Hydrangea shrubs require moist and well drained soil. They are not picky and can thrive in a variety of soil types; however, overly dry soils or soils that retain a lot of water such as heavy clay should be avoided.
Bigleaf hydrangeas change color based on the soil’s pH. For blue blooms, use acidic soil with a pH of 5.5 or less (see Espoma Soil Acidifier). For pink blooms, use alkaline soil with a pH of 6.5 or more (see Espoma Garden Lime).
Oakleaf hydrangeas are one of the only hydrangeas that can tolerate dry soil.
Add organic matter or fertilizer to the soil in spring or early summer. Hydrangeas go dormant in the fall so do not add any fertilizer after August.
Although hydrangeas are largely heat-tolerant, most varieties prefer cooler temperatures and partial shade. Zones 3-7 are ideal for most hydrangeas.
If you live somewhere dry and hot, oakleaf hydrangea is your best candidate.
Smooth hydrangeas are the best cold climate hydrangeas.
Hydrangeas are toxic to people and pets. In order for hydrangea to cause poisoning, its leaves, buds, or flowers would need to be consumed in large quantities.
Maintain 3 inches of mulch in your flower bed to retain moisture and regulate soil temperature. Keep the mulch line about 4 inches from the base of your plant to prevent stem rot.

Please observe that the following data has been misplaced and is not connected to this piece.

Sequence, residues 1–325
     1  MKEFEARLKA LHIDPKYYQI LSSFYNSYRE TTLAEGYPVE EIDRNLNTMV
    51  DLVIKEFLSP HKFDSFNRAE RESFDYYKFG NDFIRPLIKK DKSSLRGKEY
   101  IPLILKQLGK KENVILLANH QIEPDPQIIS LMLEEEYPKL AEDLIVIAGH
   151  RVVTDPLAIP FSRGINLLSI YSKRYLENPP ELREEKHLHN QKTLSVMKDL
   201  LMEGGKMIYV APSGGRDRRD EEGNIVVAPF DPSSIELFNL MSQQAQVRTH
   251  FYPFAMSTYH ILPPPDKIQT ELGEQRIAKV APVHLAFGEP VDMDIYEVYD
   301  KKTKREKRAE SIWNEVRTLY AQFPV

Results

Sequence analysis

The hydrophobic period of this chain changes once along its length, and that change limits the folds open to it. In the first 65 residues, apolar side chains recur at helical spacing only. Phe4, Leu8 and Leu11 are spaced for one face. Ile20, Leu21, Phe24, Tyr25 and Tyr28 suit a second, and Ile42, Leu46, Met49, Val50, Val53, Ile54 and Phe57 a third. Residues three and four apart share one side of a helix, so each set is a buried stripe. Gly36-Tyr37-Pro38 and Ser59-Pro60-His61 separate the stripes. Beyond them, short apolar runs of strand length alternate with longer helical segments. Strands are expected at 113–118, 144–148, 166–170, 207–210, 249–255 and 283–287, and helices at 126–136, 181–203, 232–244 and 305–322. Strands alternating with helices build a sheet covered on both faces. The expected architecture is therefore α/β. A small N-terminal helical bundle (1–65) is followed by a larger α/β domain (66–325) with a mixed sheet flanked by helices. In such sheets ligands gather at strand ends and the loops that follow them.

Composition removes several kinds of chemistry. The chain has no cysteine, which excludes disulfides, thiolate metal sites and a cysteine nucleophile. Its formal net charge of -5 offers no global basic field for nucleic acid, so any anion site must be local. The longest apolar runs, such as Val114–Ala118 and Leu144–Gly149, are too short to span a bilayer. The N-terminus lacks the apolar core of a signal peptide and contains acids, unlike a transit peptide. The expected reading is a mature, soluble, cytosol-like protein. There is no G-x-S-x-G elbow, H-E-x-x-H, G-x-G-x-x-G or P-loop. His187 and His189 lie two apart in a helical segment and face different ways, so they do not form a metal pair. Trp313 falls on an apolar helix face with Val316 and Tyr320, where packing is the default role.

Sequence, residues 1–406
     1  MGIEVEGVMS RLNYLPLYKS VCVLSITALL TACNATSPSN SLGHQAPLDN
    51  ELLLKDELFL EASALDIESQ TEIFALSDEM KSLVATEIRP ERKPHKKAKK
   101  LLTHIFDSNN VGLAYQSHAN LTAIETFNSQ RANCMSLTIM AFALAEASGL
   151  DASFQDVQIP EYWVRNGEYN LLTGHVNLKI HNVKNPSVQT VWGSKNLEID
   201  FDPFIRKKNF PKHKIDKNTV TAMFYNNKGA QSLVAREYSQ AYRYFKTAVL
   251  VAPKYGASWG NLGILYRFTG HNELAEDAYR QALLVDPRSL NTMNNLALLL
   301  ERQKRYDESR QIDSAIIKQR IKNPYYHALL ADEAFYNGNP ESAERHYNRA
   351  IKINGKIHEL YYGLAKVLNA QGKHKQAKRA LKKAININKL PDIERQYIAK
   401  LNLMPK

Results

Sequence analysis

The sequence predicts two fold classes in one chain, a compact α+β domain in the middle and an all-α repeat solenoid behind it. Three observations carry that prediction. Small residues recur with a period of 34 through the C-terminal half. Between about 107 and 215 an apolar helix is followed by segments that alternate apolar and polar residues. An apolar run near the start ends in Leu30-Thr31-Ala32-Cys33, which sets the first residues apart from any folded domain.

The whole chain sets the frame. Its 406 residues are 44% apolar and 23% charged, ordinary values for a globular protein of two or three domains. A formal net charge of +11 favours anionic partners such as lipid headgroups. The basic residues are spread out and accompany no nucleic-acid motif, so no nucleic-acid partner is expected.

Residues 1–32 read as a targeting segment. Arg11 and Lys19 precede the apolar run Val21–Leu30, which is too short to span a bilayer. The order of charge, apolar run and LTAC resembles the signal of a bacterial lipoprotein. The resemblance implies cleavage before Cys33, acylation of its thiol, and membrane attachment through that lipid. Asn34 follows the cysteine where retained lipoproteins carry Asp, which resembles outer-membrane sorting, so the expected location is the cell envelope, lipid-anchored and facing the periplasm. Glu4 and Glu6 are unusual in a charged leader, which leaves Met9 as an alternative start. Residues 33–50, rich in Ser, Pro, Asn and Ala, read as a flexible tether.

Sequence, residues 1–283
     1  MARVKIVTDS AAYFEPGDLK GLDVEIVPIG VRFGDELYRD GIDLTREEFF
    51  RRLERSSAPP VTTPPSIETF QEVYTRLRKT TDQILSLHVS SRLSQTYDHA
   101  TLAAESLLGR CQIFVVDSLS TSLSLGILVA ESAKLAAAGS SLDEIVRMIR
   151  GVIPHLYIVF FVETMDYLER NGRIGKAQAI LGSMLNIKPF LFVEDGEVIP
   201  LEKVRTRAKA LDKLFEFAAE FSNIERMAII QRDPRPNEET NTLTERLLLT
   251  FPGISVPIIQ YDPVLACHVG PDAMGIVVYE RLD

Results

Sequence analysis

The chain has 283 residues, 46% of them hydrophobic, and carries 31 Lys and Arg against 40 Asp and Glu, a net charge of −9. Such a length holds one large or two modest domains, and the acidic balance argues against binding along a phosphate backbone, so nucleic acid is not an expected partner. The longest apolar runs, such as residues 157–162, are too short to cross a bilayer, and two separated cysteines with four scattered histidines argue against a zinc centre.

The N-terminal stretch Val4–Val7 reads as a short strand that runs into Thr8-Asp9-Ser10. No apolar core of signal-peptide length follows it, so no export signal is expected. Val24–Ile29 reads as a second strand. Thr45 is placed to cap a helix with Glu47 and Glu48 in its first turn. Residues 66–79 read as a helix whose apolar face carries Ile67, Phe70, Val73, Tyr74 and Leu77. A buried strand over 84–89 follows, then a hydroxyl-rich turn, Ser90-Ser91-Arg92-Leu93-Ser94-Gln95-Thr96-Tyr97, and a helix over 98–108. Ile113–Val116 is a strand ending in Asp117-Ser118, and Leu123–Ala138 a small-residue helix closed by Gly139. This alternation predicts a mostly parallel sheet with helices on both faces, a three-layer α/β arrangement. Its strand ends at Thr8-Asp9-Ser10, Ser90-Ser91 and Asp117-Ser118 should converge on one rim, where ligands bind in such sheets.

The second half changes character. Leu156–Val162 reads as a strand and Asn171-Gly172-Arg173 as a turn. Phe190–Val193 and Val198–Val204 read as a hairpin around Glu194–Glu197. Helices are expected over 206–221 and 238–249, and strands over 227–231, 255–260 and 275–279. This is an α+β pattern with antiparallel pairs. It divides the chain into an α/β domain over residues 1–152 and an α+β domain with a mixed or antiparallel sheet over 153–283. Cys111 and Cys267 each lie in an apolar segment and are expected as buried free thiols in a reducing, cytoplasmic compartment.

- Unbox, place outdoors in shade, water thoroughly while still in nursery pot.
- Choose location based on light requirements, soil type, and mature size.
- Prepare the soil and dig a hole twice as wide as the root ball but not deeper.
- Place your hydrangea in the center and backfill with a 50/50 combination of your existing soil and topsoil or compost.You should still be able to see the soil line of the original pot when you are finished planting.
- Water deeply 3 times a week while roots are being established. Thereafter, water to keep soil moist and according to your climate conditions.
- Lightly dress with chemical or organic fertilizer once or twice in the summer. Do not fertilize after August when your plant prepares for dormancy.